Most finance teams engage in a regular and elaborate dance known as the period close. This involves the synchronisation of many steps to consolidate, validate and report financial data across the enterprise. As with every well-rehearsed performance, a simple stumble, the introduction of a new dancer or a new step can ultimately ruin the show. Consequently its not unusual for the final numbers to be many days or even weeks old and executives hate making decisions with old information. So the smart CFO strives for a faster and smoother close.

It appears to me there are two schools of thought. One says: “Don’t bother, knock up a quick overs-and-unders analysis and just report what you’ve got. When things change, report again, and again.” That’s a confronting approach for some and I’m not going to elaborate on that today.

The more common close is a plate-spinning, chainsaw-juggling, circus act where people rely on spreadsheets, reams of papers, coloured pens and post-it notes to match and compare, tag and tie and sign off the accounts as true and accurate. Scale and complexity are the things that have blown out this exercise beyond acceptable bounds. In 2014 Ventana Research* discovered that the number of companies consistently closing their quarter or half year within 6 days had fallen from 47% to 38% since 2007.  And only 50% were closing their months within the 6 days, down from 70% in 2007. Ventana described that as “a considerable and worrying decline”, and I think it’s a pretty steep one too. Something has to change.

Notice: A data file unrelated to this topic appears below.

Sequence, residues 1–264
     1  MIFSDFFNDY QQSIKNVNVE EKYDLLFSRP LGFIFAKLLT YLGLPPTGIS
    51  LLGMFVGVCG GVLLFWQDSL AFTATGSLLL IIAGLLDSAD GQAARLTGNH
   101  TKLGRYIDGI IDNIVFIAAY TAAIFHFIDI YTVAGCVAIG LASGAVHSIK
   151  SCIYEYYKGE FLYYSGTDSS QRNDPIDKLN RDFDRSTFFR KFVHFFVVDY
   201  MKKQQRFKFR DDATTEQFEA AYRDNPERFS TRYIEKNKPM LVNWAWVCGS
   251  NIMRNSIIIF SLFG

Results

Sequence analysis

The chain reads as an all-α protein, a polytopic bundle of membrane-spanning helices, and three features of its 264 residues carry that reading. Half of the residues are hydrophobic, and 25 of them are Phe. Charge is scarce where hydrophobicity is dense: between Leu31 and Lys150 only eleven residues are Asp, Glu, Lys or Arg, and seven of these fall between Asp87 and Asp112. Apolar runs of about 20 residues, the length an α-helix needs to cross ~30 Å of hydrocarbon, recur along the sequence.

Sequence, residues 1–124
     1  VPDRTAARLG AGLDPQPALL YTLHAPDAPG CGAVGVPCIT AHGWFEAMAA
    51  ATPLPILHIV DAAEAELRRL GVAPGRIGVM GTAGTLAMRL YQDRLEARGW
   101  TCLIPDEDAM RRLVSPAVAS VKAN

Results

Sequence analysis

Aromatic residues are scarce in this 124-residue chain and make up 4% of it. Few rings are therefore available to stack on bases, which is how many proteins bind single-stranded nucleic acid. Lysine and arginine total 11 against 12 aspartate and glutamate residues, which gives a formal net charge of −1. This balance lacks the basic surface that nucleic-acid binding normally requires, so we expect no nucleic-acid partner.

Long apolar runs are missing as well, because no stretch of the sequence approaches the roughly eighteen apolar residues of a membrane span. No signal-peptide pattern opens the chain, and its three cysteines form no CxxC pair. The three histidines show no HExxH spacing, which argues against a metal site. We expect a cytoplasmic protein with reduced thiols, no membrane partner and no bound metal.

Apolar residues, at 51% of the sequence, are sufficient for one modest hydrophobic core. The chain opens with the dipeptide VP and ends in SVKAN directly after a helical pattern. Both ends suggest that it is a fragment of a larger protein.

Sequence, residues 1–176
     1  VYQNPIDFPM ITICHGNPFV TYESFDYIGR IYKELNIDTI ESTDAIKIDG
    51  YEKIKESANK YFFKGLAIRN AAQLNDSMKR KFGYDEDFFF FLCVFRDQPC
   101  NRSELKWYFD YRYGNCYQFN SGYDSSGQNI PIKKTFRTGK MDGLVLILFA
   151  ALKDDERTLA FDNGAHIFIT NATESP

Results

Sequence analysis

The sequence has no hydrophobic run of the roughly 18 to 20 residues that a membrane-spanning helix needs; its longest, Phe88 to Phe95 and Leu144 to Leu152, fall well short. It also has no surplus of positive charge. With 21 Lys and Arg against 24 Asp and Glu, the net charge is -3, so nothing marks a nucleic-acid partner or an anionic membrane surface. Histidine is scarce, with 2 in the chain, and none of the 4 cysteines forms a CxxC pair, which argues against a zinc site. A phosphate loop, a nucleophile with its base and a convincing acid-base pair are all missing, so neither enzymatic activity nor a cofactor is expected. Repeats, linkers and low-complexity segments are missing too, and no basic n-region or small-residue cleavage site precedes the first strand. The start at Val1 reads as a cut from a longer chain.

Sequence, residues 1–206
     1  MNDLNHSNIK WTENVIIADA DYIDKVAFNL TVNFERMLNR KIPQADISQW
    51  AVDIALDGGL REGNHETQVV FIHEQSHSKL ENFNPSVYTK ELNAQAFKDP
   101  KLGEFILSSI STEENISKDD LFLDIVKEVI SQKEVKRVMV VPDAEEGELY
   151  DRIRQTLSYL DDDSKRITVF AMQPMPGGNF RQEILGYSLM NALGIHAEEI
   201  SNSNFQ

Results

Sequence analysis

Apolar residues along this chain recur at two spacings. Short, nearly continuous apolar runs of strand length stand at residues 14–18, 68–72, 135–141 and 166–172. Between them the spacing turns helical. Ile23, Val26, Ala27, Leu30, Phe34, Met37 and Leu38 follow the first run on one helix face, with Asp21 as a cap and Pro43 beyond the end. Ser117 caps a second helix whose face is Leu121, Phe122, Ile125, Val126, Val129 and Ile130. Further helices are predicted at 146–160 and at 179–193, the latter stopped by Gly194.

A typical period close tends to follow a very predictable path: account reconciliations are done on the balance sheet (think spreadsheets); maybe large sets of parallel transactions have to be matched to verify, validate, and discover errors (think print-outs, tag and tying, post-it notes); supporting narrative and documentation are captured (more spreadsheets, more paper, more post-its); reversing, correcting and balancing journals are drafted (spreadsheets again); inter-company allocations may be needed (spreadsheets yet again); review and approve processes are applied (paper forms, email, manual signatures); the draft transactions have to be punched back into the ERP/FMS; and around it goes until the Group Financial Controller calls a halt and the executive get their reports.

This is all concludes in huge amounts of accounting effort, lots of creaky spreadsheets, riddled with manual handoffs and approvals, no visibility of the overall progress at any point in time, with no easy way to spot the bottlenecks and avoid the delays. No wonder it takes too long. And then the auditor comes along and exposes it for what it is, a sticky tape and rubber band process, worse still gives an adverse opinion.

There is another way. It is possible to automatically certify much of the reconciliations. It is possible and much quicker and more effective for a machine to match up lists of transactions. It is possible for defined tasks and workflows to properly orchestrate and report on this elaborate period close. It is even possible to safely and easily introduce new dancers and steps without upsetting the scheduled performance. Read more here  or contact us to discuss how you could close faster.


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*Ventana Research (2014), Keys to a fast close.

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